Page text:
The Seabin is a simple, low-maintenance, and effective way of removing ocean debris and plastics from the water. It is small, unobstructive, and unlike existing ocean cleaning methods, it does not cost much and runs around the clock.
Mexico City, which has struggled for decades with dangerous air quality, has become a global leader in combating ambient air pollution. In 1992, the United Nations described Mexico City’s air as the most polluted on the planet. Since then, the city has enacted stringent pollution control measures to improve its reputation and quality of life.
Rising a bicycle offers unending benefits to both personal health and our environmental footprint. Some cities, like Helsinki, are stepping up to make cycling a key component of urban architecture and development.
Established in 2013, The Real Junk Food Project is a network of cafes that diverts food waste and uses it to create delicious, healthy meals on a pay-as-you-feel model. Every day volunteers go out to intercept surplus food from supermarkets, food banks, allotments, wholesalers—wherever it can be found—and deliver it straight to those who need it.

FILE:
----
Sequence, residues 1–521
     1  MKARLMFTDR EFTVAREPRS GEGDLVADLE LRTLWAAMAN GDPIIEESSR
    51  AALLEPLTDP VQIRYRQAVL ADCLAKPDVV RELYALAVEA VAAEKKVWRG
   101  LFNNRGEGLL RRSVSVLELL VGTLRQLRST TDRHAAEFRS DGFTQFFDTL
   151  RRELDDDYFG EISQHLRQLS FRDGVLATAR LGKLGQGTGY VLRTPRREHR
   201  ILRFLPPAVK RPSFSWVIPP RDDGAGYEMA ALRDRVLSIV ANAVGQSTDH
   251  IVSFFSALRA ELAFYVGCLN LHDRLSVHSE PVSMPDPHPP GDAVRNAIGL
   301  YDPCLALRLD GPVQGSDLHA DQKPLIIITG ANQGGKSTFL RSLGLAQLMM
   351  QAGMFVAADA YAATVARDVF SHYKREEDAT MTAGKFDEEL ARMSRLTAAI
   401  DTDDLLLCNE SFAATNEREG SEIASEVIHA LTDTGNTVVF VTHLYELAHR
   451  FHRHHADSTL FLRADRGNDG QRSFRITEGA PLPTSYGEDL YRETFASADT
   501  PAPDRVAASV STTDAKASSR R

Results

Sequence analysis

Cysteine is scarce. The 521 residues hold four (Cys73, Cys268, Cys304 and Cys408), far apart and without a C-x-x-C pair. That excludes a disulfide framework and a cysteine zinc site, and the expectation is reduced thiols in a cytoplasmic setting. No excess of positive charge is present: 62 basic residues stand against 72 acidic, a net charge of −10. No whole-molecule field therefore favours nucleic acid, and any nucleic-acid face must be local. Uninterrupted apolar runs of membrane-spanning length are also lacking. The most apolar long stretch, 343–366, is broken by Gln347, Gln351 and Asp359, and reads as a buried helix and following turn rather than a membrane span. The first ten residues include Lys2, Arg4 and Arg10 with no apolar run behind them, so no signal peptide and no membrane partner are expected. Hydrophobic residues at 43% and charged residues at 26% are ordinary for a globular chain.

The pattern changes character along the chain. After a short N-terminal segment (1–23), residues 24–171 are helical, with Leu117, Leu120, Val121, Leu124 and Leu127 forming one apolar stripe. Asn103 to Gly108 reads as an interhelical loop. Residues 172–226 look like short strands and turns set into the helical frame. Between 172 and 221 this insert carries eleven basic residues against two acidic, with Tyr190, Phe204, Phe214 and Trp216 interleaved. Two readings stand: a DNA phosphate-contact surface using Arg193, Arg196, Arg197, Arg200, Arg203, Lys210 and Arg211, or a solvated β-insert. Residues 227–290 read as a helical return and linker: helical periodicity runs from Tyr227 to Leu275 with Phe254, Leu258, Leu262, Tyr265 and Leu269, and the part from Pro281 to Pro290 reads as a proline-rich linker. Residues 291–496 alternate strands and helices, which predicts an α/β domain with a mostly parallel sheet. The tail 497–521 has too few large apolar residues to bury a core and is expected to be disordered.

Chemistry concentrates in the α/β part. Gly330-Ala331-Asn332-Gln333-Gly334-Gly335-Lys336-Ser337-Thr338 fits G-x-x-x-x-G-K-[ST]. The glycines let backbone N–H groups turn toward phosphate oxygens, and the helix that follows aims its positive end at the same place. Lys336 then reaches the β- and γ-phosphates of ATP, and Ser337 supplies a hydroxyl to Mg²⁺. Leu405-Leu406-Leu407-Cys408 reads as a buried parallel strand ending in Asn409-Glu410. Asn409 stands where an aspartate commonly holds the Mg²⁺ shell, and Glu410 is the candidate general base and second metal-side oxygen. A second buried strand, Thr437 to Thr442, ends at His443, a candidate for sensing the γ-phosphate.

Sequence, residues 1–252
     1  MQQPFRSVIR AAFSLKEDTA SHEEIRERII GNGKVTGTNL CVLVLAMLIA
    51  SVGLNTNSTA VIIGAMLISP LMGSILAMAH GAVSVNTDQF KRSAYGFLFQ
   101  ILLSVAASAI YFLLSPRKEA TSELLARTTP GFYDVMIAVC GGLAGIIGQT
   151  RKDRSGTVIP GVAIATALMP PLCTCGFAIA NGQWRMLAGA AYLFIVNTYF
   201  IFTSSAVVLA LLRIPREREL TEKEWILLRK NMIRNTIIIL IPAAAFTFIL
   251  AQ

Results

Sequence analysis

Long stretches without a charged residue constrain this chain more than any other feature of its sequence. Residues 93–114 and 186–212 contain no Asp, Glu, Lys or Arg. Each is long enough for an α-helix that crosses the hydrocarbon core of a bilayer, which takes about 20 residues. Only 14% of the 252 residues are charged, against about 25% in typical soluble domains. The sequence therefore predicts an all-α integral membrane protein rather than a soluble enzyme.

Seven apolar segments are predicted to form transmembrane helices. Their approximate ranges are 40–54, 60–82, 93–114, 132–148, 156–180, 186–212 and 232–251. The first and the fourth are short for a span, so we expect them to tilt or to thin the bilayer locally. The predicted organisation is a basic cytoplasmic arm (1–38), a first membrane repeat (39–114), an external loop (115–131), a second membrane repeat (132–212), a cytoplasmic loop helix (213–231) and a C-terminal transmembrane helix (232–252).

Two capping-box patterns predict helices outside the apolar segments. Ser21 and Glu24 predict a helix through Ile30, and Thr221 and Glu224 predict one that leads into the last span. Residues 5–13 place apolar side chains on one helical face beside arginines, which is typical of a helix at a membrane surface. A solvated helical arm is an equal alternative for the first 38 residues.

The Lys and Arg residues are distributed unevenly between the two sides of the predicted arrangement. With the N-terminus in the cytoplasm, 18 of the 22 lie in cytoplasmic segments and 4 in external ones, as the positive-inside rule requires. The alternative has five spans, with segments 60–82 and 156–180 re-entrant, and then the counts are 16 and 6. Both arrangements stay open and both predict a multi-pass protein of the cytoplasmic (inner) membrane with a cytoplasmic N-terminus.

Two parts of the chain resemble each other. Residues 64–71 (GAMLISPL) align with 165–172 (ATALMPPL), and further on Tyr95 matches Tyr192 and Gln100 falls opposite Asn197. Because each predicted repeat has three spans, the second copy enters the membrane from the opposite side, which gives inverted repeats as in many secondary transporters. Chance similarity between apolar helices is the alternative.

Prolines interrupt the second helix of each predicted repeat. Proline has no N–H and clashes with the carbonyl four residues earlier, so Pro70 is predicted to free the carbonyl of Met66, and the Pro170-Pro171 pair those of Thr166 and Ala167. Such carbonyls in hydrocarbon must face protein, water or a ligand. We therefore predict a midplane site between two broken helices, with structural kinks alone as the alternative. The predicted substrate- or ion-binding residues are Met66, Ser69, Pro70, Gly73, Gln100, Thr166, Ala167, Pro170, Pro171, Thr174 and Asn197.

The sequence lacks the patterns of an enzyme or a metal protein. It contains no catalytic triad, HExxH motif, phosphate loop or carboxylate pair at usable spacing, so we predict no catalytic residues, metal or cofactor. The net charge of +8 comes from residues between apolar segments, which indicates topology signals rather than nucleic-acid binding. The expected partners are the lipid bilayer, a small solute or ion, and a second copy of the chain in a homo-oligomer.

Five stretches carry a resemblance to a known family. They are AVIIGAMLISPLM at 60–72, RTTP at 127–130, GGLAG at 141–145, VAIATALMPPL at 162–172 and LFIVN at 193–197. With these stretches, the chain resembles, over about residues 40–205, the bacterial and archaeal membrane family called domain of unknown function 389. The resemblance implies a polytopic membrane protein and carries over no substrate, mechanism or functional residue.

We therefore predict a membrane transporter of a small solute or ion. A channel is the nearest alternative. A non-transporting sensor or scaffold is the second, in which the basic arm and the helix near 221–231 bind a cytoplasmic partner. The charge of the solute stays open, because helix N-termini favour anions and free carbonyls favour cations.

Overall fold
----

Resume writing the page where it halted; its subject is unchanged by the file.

Since winning the Rolex Enterprise Award in 2012, Karina Atkinson and her organization, Para La Tierra (PLT), have received much positive attention for their conservation efforts in Paraguay’s exceptionally diverse, and increasingly threatened natural environment— an area known as “South America’s forgotten corner.”
Sweden has a booming business in garbage, and a serious knack for recycling. As recently as last year, the country now recycles ninety-nine percent of its waste, with less than one percent of Sweden’s household garbage going into landfills.
In an effort to help curb air pollution, many cities worldwide have been limiting the use of cars, and encouraging the public to use public transportation, walk, or cycle to their destinations. While the idea to limit, or altogether ban, private vehicles isn’t groundbreaking, the positive results it has on cutting pollution are staggering.